Angela prided herself on her collaborative style with her direct reports. She actively coached folks to improve, encouraged them to make decisions autonomously whenever possible, and supported her people through tough times.That democratic style worked well, until the crisis struck.

Extreme circumstances – especially ones that are not anticipated – require a different type of leadership.

Years ago, John Barrett and I questioned seasoned leaders, asking them “What do you wish you’d known when you started out?” What resulted was a set of 50 DOs and corresponding DON’Ts, and these practical tips were published in the book 50 DOS for Everyday Leadership. Together, these “lessons learned the hard way” encourage behaviors such as listening, owning mistakes, seeking input before making decisions. These DOs help leaders:

  1. Build trust and credibility at work
  2. Get your people working together as a team
  3. Focus on what’s important
  4. Help your people get the work done
  5. Do what’s best for the organization
  6. Reduce misunderstandings and get people on the same page
  7. Continue to improve what you and your people are doing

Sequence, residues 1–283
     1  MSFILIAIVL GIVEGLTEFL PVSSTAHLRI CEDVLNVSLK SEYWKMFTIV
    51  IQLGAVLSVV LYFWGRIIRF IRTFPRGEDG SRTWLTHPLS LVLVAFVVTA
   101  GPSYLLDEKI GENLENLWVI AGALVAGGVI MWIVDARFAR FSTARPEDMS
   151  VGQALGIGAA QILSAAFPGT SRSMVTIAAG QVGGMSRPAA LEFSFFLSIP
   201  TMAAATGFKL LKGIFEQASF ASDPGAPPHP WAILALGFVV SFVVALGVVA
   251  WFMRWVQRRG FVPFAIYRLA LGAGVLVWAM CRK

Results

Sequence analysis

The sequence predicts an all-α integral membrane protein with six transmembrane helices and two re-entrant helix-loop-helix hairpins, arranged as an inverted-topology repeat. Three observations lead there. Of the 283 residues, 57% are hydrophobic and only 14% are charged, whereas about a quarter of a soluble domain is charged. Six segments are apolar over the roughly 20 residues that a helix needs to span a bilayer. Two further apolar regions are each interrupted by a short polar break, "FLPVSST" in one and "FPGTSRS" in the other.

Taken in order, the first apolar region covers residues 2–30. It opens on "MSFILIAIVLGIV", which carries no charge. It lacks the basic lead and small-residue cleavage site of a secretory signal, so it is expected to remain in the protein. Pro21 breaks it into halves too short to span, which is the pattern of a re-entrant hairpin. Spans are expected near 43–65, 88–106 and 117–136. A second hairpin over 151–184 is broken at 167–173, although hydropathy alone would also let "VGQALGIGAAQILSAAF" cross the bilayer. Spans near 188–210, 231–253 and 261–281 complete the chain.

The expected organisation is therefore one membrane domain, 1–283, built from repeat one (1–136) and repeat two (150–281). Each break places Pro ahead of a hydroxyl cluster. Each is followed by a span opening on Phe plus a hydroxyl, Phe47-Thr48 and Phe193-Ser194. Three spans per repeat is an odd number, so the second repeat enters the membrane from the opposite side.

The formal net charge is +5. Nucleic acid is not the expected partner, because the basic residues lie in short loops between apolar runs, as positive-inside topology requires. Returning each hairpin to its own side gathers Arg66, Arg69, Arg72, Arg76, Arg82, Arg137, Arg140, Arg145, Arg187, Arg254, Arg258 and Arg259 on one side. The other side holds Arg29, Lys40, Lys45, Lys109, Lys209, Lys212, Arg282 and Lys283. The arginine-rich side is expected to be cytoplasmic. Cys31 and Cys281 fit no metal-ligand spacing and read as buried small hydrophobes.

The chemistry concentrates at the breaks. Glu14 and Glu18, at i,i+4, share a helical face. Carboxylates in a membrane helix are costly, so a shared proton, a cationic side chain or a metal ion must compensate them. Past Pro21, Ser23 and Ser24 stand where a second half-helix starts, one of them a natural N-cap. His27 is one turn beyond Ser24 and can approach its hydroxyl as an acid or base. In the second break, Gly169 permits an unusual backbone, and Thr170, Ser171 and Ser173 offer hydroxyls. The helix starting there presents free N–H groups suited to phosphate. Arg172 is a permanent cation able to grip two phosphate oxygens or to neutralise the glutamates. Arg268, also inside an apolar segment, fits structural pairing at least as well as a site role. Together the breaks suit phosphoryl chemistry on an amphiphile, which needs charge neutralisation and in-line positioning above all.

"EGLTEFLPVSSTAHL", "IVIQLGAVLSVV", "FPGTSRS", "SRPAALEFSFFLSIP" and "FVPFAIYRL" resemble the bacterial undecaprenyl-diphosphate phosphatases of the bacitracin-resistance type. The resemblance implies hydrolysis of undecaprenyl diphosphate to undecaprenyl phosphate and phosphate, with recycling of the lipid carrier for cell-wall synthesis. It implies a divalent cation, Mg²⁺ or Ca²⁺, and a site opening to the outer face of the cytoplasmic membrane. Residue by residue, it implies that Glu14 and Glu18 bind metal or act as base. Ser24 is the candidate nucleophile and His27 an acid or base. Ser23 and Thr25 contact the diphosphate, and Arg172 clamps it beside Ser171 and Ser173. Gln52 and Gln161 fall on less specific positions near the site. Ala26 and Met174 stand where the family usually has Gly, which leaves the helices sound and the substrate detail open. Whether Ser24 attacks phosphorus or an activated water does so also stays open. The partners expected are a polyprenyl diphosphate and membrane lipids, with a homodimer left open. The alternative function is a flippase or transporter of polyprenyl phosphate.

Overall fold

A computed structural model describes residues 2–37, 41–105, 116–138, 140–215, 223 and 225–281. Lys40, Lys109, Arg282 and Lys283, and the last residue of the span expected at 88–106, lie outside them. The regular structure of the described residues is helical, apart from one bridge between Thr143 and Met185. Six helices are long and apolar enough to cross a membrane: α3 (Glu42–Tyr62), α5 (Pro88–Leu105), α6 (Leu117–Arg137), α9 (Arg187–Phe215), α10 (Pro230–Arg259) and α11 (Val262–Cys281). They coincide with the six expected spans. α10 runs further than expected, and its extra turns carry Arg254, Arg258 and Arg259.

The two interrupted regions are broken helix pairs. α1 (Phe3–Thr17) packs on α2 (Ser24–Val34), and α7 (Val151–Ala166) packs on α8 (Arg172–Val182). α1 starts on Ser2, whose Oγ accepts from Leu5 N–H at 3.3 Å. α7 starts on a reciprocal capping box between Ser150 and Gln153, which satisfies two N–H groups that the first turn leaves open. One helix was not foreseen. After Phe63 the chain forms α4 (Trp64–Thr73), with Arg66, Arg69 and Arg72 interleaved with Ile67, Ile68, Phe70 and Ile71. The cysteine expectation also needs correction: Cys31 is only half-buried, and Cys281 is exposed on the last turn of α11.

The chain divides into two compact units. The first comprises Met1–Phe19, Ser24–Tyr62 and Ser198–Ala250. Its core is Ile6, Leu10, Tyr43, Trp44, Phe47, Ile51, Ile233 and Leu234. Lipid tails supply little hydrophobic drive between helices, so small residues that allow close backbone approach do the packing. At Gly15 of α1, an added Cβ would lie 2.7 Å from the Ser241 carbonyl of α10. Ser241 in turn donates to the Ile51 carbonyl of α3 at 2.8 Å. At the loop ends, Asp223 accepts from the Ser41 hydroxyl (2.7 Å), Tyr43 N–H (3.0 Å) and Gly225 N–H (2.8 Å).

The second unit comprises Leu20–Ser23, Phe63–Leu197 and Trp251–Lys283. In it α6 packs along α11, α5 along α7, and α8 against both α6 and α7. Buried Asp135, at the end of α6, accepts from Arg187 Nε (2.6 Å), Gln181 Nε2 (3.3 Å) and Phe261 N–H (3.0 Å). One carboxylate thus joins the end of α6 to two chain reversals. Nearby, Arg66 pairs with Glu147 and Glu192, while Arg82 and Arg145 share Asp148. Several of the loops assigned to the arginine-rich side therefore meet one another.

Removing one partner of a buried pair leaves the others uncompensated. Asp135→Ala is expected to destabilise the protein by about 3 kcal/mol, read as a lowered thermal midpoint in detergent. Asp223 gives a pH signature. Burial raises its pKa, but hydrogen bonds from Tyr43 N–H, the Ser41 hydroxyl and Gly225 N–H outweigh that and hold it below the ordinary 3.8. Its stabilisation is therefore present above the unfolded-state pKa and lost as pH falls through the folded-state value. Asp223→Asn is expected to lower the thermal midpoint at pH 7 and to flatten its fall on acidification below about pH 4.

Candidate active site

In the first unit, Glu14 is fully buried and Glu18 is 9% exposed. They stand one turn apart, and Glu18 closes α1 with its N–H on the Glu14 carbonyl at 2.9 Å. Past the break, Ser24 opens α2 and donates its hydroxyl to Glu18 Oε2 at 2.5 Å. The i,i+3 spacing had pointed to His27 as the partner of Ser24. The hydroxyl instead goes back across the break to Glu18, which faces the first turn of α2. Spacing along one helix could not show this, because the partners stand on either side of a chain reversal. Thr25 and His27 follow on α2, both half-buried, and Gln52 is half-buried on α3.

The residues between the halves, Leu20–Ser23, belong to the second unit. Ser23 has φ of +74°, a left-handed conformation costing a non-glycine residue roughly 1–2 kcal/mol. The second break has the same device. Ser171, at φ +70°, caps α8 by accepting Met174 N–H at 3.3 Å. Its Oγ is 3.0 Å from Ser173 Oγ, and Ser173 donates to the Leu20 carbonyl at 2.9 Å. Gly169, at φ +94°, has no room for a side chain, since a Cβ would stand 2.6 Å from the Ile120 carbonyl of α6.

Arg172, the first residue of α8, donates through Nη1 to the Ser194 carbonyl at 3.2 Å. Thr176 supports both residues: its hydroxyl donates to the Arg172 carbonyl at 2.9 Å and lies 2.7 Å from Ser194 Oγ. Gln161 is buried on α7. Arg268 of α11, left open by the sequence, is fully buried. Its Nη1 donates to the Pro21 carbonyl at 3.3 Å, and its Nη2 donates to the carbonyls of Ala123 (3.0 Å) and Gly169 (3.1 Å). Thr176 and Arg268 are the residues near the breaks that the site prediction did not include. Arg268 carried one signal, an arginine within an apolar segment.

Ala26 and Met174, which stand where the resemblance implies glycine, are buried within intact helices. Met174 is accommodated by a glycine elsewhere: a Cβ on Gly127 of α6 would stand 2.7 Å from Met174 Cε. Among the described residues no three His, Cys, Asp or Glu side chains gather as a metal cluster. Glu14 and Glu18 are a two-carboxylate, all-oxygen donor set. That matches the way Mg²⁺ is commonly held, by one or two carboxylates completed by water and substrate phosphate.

Most of the DOs and DON’Ts apply in crisis. A few, however, need to shift. In the midst of abnormal, unstable and risky situations, there is a need to be strongly directive. Rather than being highly collaborative, leaders must filter out distractions and deliberately act in order to avert more bad outcomes.

After the crisis passes, however, the leader must again transition. They cannot hold onto a more commanding style.True, leaders must deal with urgent matters in crisis. However, those same behaviors don’t enable longer-term strategic work, a focus on the most important/not urgent matters and innovation for greatness.

How do you move from crisis to normal ways of being?

  1. Recognize that some things may have permanently changed as a result of the crisis; adapt as needed.
  2. The crisis may have positive impacts, like higher amounts of creativity or a newfound sense of urgency and purpose; act now to keep the benefits in place.
  3. Seek feedback regularly from people at all levels of the organization; specifically ask if they are getting what they need now that the immediate crisis is over.
  4. Do an after-action review to identify the behaviors, processes or structures that may have contributed to the crisis; make necessary changes. Wrestle with your own role in the crisis, how you weathered the storm, and what people and the organization need from you now.

Who knows? That no-good, bad, horrible crisis might turn out to have been just what your leadership needed!

Have a strategy for rising strong in times of crisis? Comment below or message us.


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